SAN MARTIN, Calif. (AP) — Tiger Woods returned from a seven-week break and not much has changed.
Woods went 13 holes between his two birdies Thursday in the Frys.com Open and had to work hard for a 2-over 73. That left him in danger of missing the cut in consecutive starts for the first time in his career.
Woods had not played since missing the cut at the PGA Championship in August. He said the time off at least gave him time to practice and figure out his swing changes, and he was playing 36 holes a day at home in Florida.
On a cool, rainy day at CordeValle, it was a different story.
He was outplayed in his group by UCLA sophomore Patrick Cantlay, who had a 69.
Texas Open winner Brendan Steele was among three players tied for lead at 4-under 67.
THIS IS A BREAKING NEWS UPDATE. Check back soon for further information. AP's earlier story is below.
SAN MARTIN, Calif. (AP) — No matter how Tiger Woods plays in the Frys.com Open, it won't be from a lack of practice.
Woods will have gone seven weeks since his last tournament when he tees off Thursday afternoon at CordeValle. This is the first time in more than a year that he'll compete on a golf course he's never seen. Those two elements add to the mystery of what to expect.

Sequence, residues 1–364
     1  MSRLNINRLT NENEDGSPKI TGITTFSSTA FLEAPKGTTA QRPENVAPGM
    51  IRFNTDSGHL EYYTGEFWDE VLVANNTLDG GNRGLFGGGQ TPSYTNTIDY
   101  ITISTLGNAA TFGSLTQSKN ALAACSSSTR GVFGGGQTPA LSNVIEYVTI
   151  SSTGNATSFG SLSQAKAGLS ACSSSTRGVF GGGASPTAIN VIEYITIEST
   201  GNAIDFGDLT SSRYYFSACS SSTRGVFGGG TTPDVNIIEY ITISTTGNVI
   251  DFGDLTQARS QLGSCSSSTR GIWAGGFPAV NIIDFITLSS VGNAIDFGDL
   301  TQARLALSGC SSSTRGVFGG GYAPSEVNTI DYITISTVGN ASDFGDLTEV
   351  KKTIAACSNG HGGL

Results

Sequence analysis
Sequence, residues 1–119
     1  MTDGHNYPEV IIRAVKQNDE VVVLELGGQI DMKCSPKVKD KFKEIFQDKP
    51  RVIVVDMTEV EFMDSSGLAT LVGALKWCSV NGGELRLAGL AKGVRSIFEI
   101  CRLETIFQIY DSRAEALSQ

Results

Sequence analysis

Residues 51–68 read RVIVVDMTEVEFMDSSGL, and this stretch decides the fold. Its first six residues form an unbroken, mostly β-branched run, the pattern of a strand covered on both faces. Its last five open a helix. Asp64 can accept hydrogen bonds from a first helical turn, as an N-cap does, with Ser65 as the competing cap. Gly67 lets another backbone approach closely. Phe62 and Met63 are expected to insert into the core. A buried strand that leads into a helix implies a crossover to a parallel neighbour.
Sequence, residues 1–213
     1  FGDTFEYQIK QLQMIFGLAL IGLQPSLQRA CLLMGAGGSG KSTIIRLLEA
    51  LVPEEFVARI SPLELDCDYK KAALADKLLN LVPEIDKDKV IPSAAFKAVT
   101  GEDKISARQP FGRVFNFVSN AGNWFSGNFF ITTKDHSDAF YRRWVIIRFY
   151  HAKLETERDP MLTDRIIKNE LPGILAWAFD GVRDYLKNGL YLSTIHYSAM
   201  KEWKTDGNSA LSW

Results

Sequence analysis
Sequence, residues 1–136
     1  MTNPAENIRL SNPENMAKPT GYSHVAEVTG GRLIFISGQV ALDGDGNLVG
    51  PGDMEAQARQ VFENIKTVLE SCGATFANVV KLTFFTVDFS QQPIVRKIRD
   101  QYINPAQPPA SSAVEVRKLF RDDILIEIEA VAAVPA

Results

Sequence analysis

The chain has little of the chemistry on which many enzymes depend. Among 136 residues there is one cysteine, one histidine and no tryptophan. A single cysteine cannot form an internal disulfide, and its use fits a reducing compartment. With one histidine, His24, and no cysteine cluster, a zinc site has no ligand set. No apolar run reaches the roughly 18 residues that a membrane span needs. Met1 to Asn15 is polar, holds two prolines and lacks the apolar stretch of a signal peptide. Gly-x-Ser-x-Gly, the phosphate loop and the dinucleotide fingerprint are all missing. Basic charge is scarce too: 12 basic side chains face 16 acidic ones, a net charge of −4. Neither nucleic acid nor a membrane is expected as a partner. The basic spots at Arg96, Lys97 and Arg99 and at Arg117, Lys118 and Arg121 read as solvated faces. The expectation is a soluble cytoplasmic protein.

As for the process of changing his swing?
Woods eliminated that as an excuse Wednesday when he said, "The major overhauls are done."
"I've done all that work," Woods said. "Now it's just fine tuning."
For a guy who essentially has been out of work for nearly two months, Woods said he has been working overtime. When last seen at a golf tournament, he missed the cut at the PGA Championship for only the third time in a major and did not qualify for the FedEx Cup playoffs.
It wasn't a complete loss.
Along with missing the bulk of the summer while letting injuries to his left leg fully heal, Woods has lamented the lack of practice. Right when he was starting to understand his new swing with coach Sean Foley, he hurt his left leg while hitting a shot from the pine straw on the 17th hole of the third round at the Masters.
"And then after that, I was kind of shot for a while," he said.
He couldn't practice hardly at all between the Masters in April and withdrawing from The Players Championship after nine holes in May. Then he took three months off, and when his doctors gave him full clearance to practice, it was time for the Bridgestone Invitational and the PGA Championship, six rounds of not very memorable golf.
There was one occasion during his pro-am round when he asked Foley to videotape his swing. On another shot, he couldn't figure out why the flight of his tee shot started out as a cut and then hooked back to the left.
Otherwise, Woods feels as though he's back to the simple part of golf: Step up and hit it.
"I don't need to worry about whether I have the club here or here or here or here or here," he said. "I've done all that legwork, and now it's time to play. And that's where I needed to get to, which I hadn't been able to because I wasn't healthy enough to get there. And that part was frustrating, because I know what I can do in the game, and I just needed the time to practice.